There is nothing scarier than having to perform first aid on your child, but in that situation would you know what to do?
ScienceDaily state- Choking is a leading cause of injury and death among children, especially those younger than 4 years of age. The majority of choking-related incidents among children are associated with food, coins and toys.
This is a scary statistic. It’s often in the news. The latest one being the 5-year-old boy who tragically died at school after he choked on his school dinner. Would you know what to do?
The following medical advice has been provided by St John Ambulance.
First aid advice for babies
1. What to do if your baby is choking
Your baby may be choking if they suddenly become distressed, have noisy breathing or if they are unable to cry or cough. In some cases, they may not be able to make any noise or breathe.
How to treat a choking baby-
1. Slap it out
Lay your baby face down on your thigh and support their head. Give up to 5 back blows between their shoulder blades with the heel of your hand.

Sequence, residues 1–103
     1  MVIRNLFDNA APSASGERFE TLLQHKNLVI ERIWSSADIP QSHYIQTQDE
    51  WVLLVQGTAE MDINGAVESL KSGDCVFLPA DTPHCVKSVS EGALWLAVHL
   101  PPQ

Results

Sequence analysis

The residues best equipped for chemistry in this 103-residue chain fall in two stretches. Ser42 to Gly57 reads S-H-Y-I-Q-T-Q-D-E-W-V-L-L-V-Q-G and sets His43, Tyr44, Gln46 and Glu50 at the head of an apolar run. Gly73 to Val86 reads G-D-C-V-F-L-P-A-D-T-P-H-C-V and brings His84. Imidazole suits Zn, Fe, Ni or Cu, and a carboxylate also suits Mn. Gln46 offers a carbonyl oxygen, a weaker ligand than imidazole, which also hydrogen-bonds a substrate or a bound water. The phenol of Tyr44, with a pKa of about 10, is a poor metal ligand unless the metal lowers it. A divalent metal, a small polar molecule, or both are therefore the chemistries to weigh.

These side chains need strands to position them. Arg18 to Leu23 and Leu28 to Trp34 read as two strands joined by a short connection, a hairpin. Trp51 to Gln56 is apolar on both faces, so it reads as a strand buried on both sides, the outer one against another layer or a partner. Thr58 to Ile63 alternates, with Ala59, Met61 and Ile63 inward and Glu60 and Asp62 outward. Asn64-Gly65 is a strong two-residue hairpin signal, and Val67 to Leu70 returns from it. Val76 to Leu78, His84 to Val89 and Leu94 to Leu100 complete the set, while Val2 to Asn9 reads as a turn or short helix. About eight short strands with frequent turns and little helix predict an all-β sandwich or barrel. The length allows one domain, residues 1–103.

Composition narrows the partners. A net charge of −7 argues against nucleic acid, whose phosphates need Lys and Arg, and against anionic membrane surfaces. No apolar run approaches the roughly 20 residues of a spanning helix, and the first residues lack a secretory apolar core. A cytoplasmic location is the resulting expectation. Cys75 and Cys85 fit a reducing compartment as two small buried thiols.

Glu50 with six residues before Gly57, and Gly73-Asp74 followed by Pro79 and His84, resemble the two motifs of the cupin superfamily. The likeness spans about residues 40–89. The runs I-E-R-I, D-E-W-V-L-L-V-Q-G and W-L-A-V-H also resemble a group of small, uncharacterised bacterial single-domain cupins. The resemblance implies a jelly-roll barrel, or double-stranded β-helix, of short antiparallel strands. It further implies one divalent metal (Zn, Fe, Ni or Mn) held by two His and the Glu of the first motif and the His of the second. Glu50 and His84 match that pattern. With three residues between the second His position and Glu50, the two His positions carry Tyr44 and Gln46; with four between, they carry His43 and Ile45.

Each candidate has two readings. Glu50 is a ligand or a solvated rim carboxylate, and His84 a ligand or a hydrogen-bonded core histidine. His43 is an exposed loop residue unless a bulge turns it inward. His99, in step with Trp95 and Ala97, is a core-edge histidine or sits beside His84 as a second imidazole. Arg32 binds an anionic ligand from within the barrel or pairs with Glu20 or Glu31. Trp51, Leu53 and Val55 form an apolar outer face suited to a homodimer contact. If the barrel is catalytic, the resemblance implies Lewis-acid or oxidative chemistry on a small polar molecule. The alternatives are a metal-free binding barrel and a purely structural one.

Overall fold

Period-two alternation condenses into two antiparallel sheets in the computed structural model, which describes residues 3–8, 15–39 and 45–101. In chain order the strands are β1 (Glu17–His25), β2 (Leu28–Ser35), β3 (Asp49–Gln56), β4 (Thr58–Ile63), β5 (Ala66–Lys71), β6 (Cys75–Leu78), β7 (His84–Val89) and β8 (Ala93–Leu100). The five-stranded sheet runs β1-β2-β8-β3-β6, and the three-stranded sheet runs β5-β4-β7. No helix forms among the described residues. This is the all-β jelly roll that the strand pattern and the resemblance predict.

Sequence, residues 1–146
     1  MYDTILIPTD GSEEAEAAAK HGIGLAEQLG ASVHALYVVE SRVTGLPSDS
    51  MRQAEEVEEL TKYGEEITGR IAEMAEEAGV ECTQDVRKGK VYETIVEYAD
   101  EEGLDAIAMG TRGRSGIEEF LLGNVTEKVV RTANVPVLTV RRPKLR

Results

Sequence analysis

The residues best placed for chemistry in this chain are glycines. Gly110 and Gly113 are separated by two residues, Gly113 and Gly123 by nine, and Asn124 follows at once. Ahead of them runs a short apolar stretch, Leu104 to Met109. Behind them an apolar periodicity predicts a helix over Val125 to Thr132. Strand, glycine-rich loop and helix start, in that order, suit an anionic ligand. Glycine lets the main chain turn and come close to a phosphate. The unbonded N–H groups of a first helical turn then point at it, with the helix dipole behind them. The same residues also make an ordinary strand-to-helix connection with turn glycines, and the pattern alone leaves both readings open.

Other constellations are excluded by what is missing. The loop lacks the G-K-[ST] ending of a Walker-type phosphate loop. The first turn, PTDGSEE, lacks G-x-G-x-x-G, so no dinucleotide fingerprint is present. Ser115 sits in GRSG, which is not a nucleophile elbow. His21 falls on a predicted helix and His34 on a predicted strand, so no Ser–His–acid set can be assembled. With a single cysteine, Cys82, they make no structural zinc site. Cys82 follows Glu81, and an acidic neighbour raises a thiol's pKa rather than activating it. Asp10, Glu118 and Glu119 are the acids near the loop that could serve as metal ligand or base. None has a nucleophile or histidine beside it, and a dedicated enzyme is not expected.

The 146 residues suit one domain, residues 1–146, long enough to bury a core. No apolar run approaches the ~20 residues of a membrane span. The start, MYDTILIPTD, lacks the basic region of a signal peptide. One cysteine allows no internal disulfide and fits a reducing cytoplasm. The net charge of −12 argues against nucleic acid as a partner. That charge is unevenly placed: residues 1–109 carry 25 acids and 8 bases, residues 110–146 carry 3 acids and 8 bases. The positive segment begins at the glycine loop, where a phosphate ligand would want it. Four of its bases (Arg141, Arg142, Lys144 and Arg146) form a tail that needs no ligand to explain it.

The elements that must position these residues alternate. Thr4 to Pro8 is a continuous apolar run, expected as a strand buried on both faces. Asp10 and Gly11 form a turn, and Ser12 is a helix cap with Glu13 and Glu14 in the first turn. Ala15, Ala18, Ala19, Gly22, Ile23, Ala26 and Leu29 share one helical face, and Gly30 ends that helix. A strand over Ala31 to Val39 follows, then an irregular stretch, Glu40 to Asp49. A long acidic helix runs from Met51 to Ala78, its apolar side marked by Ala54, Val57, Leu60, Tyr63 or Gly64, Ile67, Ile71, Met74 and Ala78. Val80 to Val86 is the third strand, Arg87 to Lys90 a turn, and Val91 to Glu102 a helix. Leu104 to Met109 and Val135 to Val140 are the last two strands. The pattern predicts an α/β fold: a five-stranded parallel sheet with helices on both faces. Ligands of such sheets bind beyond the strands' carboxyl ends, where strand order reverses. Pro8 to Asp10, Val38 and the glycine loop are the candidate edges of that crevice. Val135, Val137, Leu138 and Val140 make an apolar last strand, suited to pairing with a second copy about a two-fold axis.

2. Check their mouth-
Lay your baby on your thigh face up
Carefully pick out any obvious objects with your fingers
3. Squeeze it out-
Using two fingers, give up to 5 downward chest thrusts
Check the mouth. If the obstruction hasn’t cleared, call 999 or 112 for emergency help.
4. Call 999 or 112
Take your baby with you and call 999 or 112
Repeat the above steps 1-3 until help arrives
If they become un unresponsive at any stage, open their airway and check their breathing. · If they’re not breathing, start CPR (cardiopulmonary resuscitation ‒ chest compressions and rescue breaths). Follow the instructions for treating a baby who is unresponsive and not breathing.
When your baby starts to crawl, they can quite easily fall or bump their head on furniture or other objects around them. Most of the time, any injury will be minor and they may not even cry, but sometimes a bump on the head can be more serious. Make sure you know what to do if your baby has sustained a head injury.
Head injuries in babies-
Look for a wound or bump to the head
For a severe head injury, for example, if your baby has fallen downstairs, you may see:
* • That they are unresponsive